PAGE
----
The question of what to do with the peculiar Civilian Joint Task Force (CJTF) can no longer be escaped, especially those that have had weapons training. The local communities and their economies, within which all categories of victims of the insurgency — Ibrahim Daniel in the article and the nameless insurgents who killed his grandfather — are expected to live in is a relevant context. Also, if perceptions, if changing perceptions, lies at the centre of preventing and countering violent extremist narratives, we must ask what role it can play in addressing vendetta and revenge in a post-conflict scenario. This is because, without prejudice to whether we are ready or not, or to the true state of the insurgency, we are entering a post-conflict posture where DDR — demobilisation, deradicalisation and reintegration — are the guiding principles. Which all, in turn, brings us to the NACTEST and its soft approach to CT and PCVE.
Our programme, ANA PCVE, was created by the Association of Nigerian Authors to explore the ways literature especially can be used in preventing and countering violent extremism in Nigeria. This necessarily involves research with the aim of providing high level advisory for a wide range of stakeholders in a bid to shape the future of Nigeria by shaping the perceptions of all categories of victims of extremism. We are thus firmly ensconced within the “soft approach” enunciated by NACTEST. We, of course, recognise that the very nature of the insurgency threat profile requires asymmetric engagement, a multi-stakeholder synergy of efforts, ours being one of these. We recognise, sadly, that poems and dance do not stop bullets or shield a woman from the blast of an IED. We, however, also believe that NACTEST’s “soft approach” is crucial at this point, hence the necessity to convene this mini-summit to discuss its framework, experience and prospects from you, experts and enthusiasts, stakeholders all.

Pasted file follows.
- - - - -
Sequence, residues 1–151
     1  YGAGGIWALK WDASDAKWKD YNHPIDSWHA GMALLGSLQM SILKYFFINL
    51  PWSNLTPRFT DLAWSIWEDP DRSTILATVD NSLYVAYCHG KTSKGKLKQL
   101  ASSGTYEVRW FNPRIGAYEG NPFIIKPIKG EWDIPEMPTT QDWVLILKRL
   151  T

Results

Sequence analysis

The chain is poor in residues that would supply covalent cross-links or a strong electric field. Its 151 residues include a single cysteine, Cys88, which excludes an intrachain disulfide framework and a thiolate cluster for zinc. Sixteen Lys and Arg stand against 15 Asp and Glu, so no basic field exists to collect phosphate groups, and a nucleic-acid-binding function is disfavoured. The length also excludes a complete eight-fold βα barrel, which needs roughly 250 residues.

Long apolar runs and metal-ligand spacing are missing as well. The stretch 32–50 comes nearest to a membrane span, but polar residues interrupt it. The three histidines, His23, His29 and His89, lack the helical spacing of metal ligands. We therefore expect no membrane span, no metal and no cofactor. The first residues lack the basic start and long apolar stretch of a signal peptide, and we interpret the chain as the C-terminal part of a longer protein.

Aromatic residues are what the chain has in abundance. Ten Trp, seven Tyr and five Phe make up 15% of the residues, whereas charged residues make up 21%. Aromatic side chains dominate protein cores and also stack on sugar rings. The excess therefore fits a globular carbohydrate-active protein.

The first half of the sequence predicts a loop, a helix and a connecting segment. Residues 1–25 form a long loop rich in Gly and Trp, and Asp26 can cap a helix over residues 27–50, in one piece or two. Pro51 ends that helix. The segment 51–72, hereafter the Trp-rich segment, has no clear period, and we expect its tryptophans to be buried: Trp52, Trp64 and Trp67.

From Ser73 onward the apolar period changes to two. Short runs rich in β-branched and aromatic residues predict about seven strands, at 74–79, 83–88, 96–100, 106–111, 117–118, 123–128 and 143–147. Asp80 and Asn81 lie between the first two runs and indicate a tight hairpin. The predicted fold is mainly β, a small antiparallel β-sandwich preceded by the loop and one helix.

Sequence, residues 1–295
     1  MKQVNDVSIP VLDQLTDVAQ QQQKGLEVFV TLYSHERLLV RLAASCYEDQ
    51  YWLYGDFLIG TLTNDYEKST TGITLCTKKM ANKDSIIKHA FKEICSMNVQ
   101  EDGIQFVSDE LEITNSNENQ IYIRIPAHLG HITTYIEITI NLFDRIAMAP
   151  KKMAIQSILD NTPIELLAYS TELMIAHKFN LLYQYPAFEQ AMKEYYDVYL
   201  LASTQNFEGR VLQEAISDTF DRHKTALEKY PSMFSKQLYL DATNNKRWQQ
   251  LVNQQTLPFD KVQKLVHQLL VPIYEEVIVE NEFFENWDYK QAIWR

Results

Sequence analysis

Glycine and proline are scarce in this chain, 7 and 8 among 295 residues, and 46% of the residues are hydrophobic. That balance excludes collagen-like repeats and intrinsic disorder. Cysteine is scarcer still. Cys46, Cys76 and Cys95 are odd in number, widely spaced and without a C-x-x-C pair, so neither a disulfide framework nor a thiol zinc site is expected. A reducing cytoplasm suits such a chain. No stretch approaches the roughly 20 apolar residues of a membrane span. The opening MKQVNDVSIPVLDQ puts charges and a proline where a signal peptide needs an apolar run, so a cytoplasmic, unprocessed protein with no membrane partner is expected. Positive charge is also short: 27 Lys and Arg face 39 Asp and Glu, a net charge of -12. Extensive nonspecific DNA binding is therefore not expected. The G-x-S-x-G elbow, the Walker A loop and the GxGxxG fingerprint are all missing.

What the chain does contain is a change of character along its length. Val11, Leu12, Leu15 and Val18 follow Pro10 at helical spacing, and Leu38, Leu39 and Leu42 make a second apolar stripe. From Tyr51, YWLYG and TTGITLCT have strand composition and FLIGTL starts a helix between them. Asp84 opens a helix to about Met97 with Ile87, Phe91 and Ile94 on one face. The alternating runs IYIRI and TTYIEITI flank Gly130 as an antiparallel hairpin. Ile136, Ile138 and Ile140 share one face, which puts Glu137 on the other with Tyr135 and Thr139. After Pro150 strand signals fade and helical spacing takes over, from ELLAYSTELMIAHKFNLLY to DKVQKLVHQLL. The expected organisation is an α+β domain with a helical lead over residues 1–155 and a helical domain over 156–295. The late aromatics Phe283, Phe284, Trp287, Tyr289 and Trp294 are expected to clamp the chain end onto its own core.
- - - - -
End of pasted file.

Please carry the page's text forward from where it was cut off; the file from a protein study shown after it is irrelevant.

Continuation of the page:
Recently, I and Abubakar Adam Ibrahim, the noted Nigerian novelist and journalist, worked on the North-East Regional Initiative (NERI)’s #NotAnotherNigeria Creative Writing Workshop. Under that programme, some of NERI’s NEIEF Fellows, mostly Nigerians from the North-East, participated in a workshop to write fictional stories about their experiences. At the end of that workshop, a book of eleven stories titled Ordinary Saviour: New Stories from Nigeria’s Northeast was published by Origami Books and publicly presented on August 29 here in Abuja. I mention this because that book practicalises ANA PCVE’s objectives — to use literature to humanise the victims of conflict, so they take agency for the narrative of conflict and to create solid counter narratives against extremist ideology.
Richard Ali can be reached at firstname.lastname@example.org.
This is excerpted from the keynote address presented at the “Stakeholder’s Summit on Assessing Nigeria’s Soft Approach to CVE” held by ANA PCVE in collaboration with the Gusau Institute and White Ink Consult in Abuja on October 18, 2018.
Top image/art work by dele jegede: BH (Boko Haram) 3. 30”x48” Acrylic on canvas. 2014